What is Common Assault?
Common assault is a criminal offence that refers to unlawfully applying force or threatening another person. These cases are approached differently from domestic violence cases and can result in punitive punishment, including fines and imprisonment. Common assault includes one or more of the following,
- Committing acts of physical violence, including hitting, kicking, choking, or otherwise acting in a way that causes bodily pain or harm
- Acting in a manner that causes another to believe that you intend to harm them, such as shaking your fist, spitting, shouting, or throwing things
- Intimidating or bullying another person to make them behave in a certain way
- Reckless behaviour results in another person’s injury, although there may have been no intent to cause harm. Typically, this involves horseplay or generally rowdy behaviour
Potential Penalties if Convicted
- Imprisonment for a maximum of two-years
- A fine of $ 5,500.00
- Custodial sentencing
- Community correction order (with conviction)
- A fine with a recorded criminal conviction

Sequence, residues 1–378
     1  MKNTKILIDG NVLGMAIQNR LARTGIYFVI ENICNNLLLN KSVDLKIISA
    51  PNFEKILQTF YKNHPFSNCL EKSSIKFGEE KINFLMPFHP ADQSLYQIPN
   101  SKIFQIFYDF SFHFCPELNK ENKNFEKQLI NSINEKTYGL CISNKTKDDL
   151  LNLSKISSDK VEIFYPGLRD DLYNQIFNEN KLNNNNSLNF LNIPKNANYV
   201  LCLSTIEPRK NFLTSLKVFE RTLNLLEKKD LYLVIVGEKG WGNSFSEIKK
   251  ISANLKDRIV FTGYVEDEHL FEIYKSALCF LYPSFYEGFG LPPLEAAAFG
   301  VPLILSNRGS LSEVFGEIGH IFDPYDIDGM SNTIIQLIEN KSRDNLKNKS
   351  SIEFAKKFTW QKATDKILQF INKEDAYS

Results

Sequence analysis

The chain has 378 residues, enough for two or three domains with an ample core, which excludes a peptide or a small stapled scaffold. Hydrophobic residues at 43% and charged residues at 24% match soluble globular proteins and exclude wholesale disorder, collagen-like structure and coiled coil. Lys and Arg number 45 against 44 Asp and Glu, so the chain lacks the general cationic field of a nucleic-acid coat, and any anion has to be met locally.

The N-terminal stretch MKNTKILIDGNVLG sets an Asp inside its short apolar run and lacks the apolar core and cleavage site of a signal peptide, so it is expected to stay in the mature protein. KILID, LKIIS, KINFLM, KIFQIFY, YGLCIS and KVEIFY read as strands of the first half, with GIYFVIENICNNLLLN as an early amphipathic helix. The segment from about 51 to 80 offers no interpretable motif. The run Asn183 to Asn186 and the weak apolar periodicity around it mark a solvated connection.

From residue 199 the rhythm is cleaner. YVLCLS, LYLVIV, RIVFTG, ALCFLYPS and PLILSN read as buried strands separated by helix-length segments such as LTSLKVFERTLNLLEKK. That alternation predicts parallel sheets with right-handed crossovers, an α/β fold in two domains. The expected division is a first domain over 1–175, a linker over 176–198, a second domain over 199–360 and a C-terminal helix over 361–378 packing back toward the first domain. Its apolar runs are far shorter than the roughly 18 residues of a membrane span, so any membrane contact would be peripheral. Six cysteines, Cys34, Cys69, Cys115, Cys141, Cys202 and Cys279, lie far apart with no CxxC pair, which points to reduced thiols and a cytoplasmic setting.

Charges of assault relate to section 313 of the Criminal Code as well as to the definition set in the Criminal Code section 222
“A person who strikes, touches, moves, or otherwise applies force of any kind to the person of another, either directly or
indirectly, without his consent, or with his consent, if the consent is obtained by fraud, or who by any bodily act or gesture attempts or threatens to apply force of any kind to the person of another without his consent, under such circumstances that the person making the attempt or threat has actually or a present ability to effect his purpose is said to assault that other person and the act is called an assault. “
Unlike the civil law response to domestic violence, the response to assault is criminal with the intent to punish the perpetrator. The following table highlights the differences in response to domestic violence and common assault.
|WHO BRINGS THE CHARGES
|The victim, an authorised representative of the victim, police, courts
|The Police, Prosecutors
|Protect the victim from future violence
|Punish the offender for illegal activities
|The balance of probabilities
|Beyond a reasonable doubt